Adelle Ingrid Dimitui: Pursuing non-traditional art within MAE

An only child, Adelle Dimitui grew up in Southeast Asia; while originally from the Philippines, Dimitui spent another thirteen years in Myanmar, where her family moved as a result of her father’s job with a Southeast Asian pharmaceutical company. The influence of both her stay-at-home mother and her father molded Adelle’s interest in approaching a Mechanical and Aerospace Engineering degree with a sense of creativity and with the purpose of making a positive social impact.

Dimitui’s father grew up in a rural community in the Philippines as the eldest of six children. Seeing his parent’s work hard in low-paying jobs, he prioritized his studies so that he could provide for a family of his own. From her father, Dimitui learned the importance of higher education and placed a strong value on it. Dimitui’s mother nurtured her creative side by encouraging her writing and drawing and contributed to the development of her emotional intelligence. “While I learned the value of hard work, graciousness, and education from my father, I credit my mother for helping me learn the value of good conversation and self-esteem.”

Dimitui has constantly sought new challenges, particularly ones in which she had no previous exposure or innate aptitude for.  In high school, Dimitui attended a lecture by a Filipina social entrepreneur who led an organization that built and distributed solar flashlight to low income communities. The lecture, combined with her background, passion for creative writing, drawing, and graphic design, and her prioritization of education, culminated in a desire to dive headlong into technology. Dimitui realized that by working in technology, she could produce something that would benefit a community in need. “This fulfills everything I want to do: having a positive social impact while fulfilling my insatiable need to learn. I would not be abandoning art, because really technology is art. There is art everywhere you look – it is an idea that grows from something that is intangible and made into something that is tangible.”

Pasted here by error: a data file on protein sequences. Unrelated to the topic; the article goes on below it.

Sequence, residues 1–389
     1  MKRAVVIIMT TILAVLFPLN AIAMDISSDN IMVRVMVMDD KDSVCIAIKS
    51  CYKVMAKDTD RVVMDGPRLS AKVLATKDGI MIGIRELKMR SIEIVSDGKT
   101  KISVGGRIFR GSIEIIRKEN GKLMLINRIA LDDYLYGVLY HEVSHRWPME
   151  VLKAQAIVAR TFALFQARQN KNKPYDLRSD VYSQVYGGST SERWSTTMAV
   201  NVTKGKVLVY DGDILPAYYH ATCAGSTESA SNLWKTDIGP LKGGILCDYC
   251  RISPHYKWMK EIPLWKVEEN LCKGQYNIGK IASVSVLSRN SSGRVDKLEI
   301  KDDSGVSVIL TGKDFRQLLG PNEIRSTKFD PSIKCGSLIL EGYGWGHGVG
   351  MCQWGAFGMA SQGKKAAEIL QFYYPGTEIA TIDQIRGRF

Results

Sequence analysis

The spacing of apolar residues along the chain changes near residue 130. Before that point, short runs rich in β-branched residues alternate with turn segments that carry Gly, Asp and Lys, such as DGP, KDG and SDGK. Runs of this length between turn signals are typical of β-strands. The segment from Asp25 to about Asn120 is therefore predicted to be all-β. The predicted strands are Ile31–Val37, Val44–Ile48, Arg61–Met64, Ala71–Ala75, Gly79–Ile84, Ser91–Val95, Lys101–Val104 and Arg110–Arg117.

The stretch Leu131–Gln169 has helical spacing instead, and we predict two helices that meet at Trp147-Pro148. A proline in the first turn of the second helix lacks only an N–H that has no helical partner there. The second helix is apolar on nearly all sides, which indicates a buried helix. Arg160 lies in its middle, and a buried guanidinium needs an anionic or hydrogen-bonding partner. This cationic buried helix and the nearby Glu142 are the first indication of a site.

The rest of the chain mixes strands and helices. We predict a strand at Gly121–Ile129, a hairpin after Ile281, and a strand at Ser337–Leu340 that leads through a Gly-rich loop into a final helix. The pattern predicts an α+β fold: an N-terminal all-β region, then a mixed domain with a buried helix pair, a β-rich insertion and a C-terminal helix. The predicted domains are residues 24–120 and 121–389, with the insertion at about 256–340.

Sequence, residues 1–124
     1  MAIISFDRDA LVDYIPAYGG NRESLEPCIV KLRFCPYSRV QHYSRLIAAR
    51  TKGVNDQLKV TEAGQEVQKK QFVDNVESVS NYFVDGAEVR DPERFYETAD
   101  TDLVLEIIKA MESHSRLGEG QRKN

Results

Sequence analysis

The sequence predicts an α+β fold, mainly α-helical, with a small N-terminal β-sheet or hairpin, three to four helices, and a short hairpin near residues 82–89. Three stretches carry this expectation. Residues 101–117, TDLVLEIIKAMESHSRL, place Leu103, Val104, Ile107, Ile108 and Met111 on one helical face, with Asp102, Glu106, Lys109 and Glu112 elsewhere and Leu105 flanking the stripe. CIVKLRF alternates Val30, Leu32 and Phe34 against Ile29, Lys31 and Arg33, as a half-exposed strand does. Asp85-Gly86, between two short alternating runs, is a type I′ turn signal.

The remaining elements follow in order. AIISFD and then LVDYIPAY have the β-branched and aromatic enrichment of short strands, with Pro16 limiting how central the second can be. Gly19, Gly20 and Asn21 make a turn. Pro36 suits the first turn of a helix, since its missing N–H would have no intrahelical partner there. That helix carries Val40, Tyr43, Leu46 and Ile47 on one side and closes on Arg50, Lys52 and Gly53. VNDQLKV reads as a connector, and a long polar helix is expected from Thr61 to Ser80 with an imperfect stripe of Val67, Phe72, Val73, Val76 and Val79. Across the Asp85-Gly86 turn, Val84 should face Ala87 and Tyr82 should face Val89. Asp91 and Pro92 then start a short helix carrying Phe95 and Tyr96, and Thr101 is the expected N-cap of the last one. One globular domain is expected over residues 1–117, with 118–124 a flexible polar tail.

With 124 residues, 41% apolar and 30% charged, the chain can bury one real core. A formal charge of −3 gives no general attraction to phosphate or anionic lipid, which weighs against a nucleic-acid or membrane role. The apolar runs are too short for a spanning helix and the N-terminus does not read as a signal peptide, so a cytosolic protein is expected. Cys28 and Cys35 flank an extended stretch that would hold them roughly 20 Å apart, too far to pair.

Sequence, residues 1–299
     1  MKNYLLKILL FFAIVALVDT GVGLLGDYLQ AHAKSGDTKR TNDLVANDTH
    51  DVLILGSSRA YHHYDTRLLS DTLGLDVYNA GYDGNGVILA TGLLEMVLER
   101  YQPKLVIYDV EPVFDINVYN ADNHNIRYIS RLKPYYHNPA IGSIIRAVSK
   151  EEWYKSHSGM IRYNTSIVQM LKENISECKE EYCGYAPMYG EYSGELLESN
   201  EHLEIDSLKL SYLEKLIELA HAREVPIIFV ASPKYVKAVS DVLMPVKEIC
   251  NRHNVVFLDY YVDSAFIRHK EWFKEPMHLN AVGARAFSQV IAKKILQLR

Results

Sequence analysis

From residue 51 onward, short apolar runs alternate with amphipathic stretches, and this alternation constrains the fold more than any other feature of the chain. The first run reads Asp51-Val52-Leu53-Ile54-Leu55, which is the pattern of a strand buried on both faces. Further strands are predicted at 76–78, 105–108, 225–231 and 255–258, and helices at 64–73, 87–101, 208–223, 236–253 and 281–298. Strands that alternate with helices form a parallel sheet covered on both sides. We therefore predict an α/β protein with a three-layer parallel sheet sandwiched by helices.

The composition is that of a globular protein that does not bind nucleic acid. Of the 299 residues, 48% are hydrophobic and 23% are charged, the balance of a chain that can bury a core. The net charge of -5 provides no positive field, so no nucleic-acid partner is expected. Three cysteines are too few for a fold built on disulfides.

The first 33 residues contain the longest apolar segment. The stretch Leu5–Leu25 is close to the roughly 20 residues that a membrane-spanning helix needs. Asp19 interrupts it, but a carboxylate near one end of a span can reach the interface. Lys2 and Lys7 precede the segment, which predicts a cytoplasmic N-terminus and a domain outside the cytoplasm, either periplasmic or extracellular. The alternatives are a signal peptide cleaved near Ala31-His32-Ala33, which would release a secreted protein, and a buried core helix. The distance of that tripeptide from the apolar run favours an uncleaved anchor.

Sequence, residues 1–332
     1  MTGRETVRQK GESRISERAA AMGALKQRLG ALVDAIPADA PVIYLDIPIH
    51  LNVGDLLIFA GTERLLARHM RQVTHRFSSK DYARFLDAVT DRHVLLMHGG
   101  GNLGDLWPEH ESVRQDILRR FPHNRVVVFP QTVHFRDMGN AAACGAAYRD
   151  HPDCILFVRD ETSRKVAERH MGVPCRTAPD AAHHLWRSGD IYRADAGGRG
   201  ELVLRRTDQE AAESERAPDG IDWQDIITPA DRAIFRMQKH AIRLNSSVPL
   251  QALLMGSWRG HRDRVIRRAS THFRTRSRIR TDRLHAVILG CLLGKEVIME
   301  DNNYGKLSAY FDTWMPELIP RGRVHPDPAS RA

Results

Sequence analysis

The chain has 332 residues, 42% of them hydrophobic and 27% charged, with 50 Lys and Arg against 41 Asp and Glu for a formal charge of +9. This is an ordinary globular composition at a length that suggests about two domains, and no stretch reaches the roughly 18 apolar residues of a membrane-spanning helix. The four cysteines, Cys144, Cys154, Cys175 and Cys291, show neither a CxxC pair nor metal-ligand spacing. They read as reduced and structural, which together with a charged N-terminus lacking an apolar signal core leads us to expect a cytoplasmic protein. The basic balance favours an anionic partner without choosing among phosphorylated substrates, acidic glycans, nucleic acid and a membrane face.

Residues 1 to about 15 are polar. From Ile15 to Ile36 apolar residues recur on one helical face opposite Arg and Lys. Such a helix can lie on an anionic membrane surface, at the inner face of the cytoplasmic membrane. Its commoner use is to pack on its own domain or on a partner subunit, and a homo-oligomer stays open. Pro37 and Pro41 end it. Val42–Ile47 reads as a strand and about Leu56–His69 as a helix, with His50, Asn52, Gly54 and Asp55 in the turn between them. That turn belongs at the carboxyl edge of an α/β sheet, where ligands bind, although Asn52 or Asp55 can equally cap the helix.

With an empty canvas, Dimitui began sketching the early steps of her academic and professional career, beginning with her decision to pursue mechanical and aerospace engineering at Princeton. To build upon her desire of learning something in which she had no formal training, Dimitui applied to iXperience program, an eight-week coding program in Cape Town, South Africa, following her freshman year. She learned front-end web development, Javascript and HTML/CSS languages, and the AngularJS and jQuery frameworks for Javascript. “I realized through this program how much I enjoy coding and how, harbored inside me, there was this hidden love I had for the beauty of coding.” The program – which was structured to maximize experiential learning – taught Dimitui how she could use code to do something creative that has significant real-world applications.